By Raffique Shah
September 20, 2009
Trinidad and Tobago News Blog
AS I listened to Chief Justice Ivor Archie deliver his address at the opening of the new Law Term, I was transported back in time-42 years ago, to be precise. The CJ must have been a little past toddler stage then, and most of his fellow-judges not yet born or barely older. It was my first Carnival after two-years of military training in frigid England. As a “carnival peong” who had missed out on Sniper’s classic “Portrait of Trinidad” (1966), I jumped straight into however many fetes I could “play myself”. And the tune we partied most to? An infectious double-entendre titled “Archie Buck Dem Up” by a little known (for me, anyway) Bajan group called the Merrymen.
The song-lyrics corrupted by fete-crazed Trinis-was not the only “hot number” in 1967 and ’68. Rose had Ramsingh “reeling he hose” to put out “Fire, Fire!” Kitch took the Road March with “Sixty-Seven”. Cypher won the monarch title with “If de priest could play”, and the Phallic Prince of Mayaro, Zandolie, was rather tame with “Man Family”. All of these overshadowed two other classics, “Education” by Sparrow, and Baker’s “God Bless Our Nation”.
But I digress. It was CJ Archie’s analytical assault on the Government’s draft constitution that set me thinking of the song and the Merrymen. Really, Archie tore apart the framers and promoters of the proposed constitution on the issue of the separation of powers and the inviolable independence of the judiciary. He correctly lamented the “muted response” thus far to the draft constitution. Frankly, people like me are so disgusted with those in authority arrogating unto themselves divine powers, we choose instead to sit on the sidelines and watch them take the country down the drain.
People get the government they deserve, some wise fool once said. He or she forgot to add opposition parties and politicians generally, to this maxim. To what end do we protest, M’lud? Your Lordship will have listened to the wisdom of those who argued that Government use the oil-and-gas windfall to improve the country’s infrastructure, to mitigate if not eliminate poverty, to spend more on education and diversifying the economy than on prestige projects, and to put aside much of our unexpected revenues for the proverbial rainy day. We showed why the rapid rail project was not worth the mind-track that conceived it-and we suggested cheaper, workable alternatives.
It’s not that we don’t care about our country or about the independence of the Judiciary. But I dare say a speech coming from you, M’lud, carries far more weight than the collective voices of all columnists and commentators put together. Immediately you spoke, the Government listened. In fact, Prime Minister Manning has set up a ministerial committee to prepare a response to your observations. Had I or any of my colleagues made similar observations, nary a word would have come from Cabinet-except, perhaps, some snide remarks about “obstructionists”.
But they can’t treat you, Mi’lud, or your esteemed brothers-and-sisters-on-the-bench, they way they treat us. They know that you carry weight, that your observations came after much thought, that you have awakened the public to lurking dangers that threaten our rights and freedoms. This country will not stand for the executive castrating the judiciary or any other independent body. People will take only so much. After that, they will revolt. Five minutes spent in a polling booth once every five years, as the Rev Roy Nehall said back in 1971, cannot be democracy!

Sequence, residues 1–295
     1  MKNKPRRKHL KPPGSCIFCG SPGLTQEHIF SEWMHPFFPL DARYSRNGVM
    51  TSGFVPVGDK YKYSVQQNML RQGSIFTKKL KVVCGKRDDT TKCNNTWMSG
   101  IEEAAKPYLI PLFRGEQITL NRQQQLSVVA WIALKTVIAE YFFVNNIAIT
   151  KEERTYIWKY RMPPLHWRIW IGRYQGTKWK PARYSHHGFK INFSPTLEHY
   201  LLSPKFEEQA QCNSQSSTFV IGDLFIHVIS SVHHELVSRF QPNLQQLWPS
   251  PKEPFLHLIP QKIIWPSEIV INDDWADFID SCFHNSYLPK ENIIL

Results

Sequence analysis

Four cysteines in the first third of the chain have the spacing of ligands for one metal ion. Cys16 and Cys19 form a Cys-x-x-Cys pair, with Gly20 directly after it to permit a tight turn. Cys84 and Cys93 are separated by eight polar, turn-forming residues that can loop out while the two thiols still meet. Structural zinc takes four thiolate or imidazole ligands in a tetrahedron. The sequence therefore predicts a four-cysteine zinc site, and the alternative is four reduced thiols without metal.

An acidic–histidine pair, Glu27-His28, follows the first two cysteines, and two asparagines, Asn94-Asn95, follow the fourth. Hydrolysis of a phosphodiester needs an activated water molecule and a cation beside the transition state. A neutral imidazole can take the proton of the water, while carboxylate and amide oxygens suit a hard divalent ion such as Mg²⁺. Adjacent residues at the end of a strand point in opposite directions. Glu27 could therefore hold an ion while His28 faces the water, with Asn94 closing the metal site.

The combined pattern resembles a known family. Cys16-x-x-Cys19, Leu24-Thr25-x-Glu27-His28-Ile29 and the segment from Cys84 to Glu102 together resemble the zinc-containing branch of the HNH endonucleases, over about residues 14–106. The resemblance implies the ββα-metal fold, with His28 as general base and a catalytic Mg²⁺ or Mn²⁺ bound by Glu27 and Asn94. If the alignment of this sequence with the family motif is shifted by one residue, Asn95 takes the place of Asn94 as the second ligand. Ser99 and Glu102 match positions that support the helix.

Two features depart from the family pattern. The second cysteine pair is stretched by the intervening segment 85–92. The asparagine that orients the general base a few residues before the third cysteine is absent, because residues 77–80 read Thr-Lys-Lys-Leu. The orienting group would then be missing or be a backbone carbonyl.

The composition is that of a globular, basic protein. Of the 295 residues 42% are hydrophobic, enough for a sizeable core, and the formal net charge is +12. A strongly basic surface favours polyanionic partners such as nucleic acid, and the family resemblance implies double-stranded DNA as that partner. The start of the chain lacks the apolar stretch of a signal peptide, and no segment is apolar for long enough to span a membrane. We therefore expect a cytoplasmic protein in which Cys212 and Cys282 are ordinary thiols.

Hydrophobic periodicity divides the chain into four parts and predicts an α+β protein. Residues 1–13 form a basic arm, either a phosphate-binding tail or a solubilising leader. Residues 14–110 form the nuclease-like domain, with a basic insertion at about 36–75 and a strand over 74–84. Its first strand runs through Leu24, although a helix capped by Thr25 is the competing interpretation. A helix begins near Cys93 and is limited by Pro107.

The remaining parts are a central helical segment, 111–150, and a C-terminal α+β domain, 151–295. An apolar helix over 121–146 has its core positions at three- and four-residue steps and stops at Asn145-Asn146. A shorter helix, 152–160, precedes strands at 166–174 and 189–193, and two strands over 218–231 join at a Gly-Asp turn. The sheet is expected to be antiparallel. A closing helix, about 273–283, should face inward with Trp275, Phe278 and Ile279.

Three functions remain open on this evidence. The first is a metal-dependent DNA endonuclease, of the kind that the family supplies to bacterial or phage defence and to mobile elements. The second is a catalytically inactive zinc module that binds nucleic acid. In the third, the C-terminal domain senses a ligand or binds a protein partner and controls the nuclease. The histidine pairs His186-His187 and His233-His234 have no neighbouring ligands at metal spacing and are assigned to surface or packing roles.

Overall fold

Democracy is an ongoing process, one of consultation with the masses, of listening to vox populi, of sifting good ideas and incorporating them into governance. Mr Manning may well argue that government needs to insulate the population from a runaway judiciary. I agree with that. But I also proffer that we, the people, need to be protected from a runaway government. Except for some aberrations, the Judiciary has proved to be a stabilising factor when politicians become intoxicated with power.
So rest assured, Mi’lud, we shall be there to defend the independence of the Judiciary, just as we shall, as the need arises, point out to you unjust decisions made by your magistrates and judges. Judges are not above the law, nor are they empowered to administer justice with a jaundiced eye. Some magistrates and judges take this “lordship” thing quite literally: they take a perverse delight in lording it over lesser mortals. That, too, we shall not stand for.
On a final note, I see M’lud quoted extensively from America’s Declaration of Independence in arguing the case for separation of powers. That is fine-the so-called Founding Fathers did have some good ideas. But you missed out an important component of that declaration. It is this (and I quote): “Prudence, indeed, will dictate that Governments long established should not be changed for light and transient causes But when a long train of abuses and usurpations, pursuing invariably the same Object evinces a design to reduce them under absolute Despotism, it is their right, it is their duty, to throw off such Government, and to provide new Guards for their future security.” Here endeth for the moment.
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